Our Public Programs Manager, Lucy Quinn, has extensive experience developing audiences and increasing arts access in leading Australian arts organisations. In this Q&A, we find out a bit more about Lucy's background and what she's working towards and what's unique about public programming at artisan.
Tell us a little about your professional background.
I joined artisan after years working in gallery education with a breadth of different audiences and communities at the National Gallery of Australia, the National Portrait Gallery, Australian National University and Ipswich Art Gallery. I’ve been working in the sector since I was 19 years old in a variety of different roles but pursued opportunities to works specifically with visitors to galleries. I'm particularly passionate about arts access, including working with practitioners and tailoring specialised access programs for particular audience groups. I am also a practising artist, working in drawing and sculpture utilising traditional glass casting techniques.
What inspired you to work in this field?
I’ve always loved art, talking about ideas, using my hands and being in galleries. As my interest and studies these areas developed, I’ve realised I am just as interested in the experience that people have in galleries as the galleries themselves. We are in an age where we can choose to include gallery/museum visitors as active participants. We can design galleries to be social spaces with the potential to improve social wellbeing, community cohesion, and stimulate discussion and cultural discourse. Unfortunately, galleries can still be perceived as intimidating or elitist places, so I try to do my best breaking through those barriers.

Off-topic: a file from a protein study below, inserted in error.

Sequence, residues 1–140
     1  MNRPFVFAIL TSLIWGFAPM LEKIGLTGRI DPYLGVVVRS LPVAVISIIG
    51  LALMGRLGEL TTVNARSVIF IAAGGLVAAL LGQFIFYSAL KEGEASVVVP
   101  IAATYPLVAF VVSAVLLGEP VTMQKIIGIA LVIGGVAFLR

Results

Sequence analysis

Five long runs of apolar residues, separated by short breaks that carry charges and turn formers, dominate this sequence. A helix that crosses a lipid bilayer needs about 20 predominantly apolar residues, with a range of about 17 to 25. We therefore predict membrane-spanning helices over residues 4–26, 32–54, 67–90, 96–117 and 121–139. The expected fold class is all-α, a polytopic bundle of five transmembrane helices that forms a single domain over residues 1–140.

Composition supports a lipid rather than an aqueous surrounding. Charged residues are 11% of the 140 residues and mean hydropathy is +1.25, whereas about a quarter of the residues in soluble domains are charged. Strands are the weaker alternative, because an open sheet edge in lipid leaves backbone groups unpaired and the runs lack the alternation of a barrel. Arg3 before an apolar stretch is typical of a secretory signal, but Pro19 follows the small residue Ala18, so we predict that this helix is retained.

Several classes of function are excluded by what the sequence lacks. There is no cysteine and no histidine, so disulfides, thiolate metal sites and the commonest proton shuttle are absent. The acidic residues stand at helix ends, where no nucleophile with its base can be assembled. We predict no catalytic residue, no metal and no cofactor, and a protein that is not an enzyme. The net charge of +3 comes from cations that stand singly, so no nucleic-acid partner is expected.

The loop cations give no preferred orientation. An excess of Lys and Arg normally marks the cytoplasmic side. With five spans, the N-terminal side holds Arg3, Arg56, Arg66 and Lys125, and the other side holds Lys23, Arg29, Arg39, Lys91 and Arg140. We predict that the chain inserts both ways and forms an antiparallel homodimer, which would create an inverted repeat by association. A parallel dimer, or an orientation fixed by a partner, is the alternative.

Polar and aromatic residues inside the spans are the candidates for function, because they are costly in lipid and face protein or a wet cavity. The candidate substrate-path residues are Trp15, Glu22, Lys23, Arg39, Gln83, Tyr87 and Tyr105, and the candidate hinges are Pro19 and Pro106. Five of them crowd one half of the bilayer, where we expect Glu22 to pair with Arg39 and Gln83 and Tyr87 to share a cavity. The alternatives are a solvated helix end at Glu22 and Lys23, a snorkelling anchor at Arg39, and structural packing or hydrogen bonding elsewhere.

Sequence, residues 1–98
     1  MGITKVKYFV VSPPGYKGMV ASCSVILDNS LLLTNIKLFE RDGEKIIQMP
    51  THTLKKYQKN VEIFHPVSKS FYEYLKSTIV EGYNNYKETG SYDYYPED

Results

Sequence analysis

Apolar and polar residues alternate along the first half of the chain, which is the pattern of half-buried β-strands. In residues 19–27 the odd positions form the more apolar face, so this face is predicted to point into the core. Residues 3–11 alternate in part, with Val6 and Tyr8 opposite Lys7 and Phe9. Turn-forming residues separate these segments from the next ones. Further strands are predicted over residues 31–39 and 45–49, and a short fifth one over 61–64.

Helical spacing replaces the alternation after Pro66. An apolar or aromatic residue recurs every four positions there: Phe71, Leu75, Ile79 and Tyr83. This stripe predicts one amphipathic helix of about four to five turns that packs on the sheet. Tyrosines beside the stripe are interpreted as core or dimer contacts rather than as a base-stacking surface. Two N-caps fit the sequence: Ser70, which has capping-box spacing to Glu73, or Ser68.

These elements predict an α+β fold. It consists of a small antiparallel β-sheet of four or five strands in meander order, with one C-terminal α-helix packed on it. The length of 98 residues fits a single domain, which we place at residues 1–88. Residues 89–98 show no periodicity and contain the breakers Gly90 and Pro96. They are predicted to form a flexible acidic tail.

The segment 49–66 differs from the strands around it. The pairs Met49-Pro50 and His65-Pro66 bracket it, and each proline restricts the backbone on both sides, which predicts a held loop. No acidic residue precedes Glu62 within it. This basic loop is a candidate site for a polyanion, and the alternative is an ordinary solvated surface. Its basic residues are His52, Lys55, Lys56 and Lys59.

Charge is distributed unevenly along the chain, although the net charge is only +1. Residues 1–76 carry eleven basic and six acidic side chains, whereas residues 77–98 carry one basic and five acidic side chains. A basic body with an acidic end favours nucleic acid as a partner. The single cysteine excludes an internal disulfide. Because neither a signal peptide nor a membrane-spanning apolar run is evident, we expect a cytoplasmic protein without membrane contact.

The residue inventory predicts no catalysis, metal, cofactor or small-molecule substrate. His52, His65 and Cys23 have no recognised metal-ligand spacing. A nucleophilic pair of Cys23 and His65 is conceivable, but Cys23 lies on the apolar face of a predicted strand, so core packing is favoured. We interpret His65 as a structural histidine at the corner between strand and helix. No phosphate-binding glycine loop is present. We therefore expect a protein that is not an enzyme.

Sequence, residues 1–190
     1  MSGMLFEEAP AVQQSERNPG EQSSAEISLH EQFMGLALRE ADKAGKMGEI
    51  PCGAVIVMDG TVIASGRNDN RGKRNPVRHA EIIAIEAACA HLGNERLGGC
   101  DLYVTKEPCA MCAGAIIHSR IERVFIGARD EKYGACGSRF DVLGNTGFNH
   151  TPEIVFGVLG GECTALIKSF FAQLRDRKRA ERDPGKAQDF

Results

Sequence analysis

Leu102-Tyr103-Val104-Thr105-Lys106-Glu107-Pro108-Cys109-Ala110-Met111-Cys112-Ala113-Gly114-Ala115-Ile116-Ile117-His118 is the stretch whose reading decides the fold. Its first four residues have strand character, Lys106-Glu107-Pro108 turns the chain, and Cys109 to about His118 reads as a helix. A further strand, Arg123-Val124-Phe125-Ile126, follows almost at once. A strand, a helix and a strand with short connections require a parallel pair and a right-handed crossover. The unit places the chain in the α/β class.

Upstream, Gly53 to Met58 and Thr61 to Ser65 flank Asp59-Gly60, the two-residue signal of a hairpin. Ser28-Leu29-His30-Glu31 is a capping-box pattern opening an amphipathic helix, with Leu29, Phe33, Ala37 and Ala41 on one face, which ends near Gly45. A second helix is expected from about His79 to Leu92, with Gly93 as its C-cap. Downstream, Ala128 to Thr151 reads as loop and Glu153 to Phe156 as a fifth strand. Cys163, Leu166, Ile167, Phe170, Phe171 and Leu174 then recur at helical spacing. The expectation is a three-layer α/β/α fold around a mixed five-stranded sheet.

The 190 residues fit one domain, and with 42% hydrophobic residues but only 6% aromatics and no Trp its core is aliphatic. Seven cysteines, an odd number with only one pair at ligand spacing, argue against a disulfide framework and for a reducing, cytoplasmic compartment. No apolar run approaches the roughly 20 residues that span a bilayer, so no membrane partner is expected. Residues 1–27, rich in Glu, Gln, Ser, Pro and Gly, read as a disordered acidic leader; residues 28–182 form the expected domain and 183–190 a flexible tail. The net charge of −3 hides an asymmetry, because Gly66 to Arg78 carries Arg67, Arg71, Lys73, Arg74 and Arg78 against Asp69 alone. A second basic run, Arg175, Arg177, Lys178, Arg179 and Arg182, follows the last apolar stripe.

I find working with creative people and the public challenging and inspiring. I also love finding ways to help communities connect with creative opportunities and discussion. Whether it’s looking at art, talking about it, meeting makers, or making something new. I love having a chat with someone about what they are looking at and what makes them love or hate it, what they think about it, and seeing where the discussion goes.
How do you feel about the program and workshops at artisan? What are you most excited about?
I was excited to come on board at artisan just before we moved to our new venue in King Street, as we would be launching a whole new space with the new purpose-built workshop. So in 2019 I have been able to extend the workshop program significantly, and we have welcomed makers who have not previously provided programs with artisan. I’ve also been able to provide one-on-one professional development with makers to assist them in producing new workshop offerings.
What do you think is important in pubic programming? And what makes artisan's programming and offering special?
We hope to provide workshops that are an enriching experience for all of those involved, a fun, inclusive opportunity for the exchange of skills and ideas. I think you need to be flexible and reflective with your audience, not everything works out how you expect, and this is not a bad thing! I think it’s important not to be overly outcome-focused. Sure, there are things to let you’d like to achieve in an event or a workshop, but if the overarching objective is to stimulate creativity and empower participants, then I prefer working with room to move and be informed by the participants is more rewarding.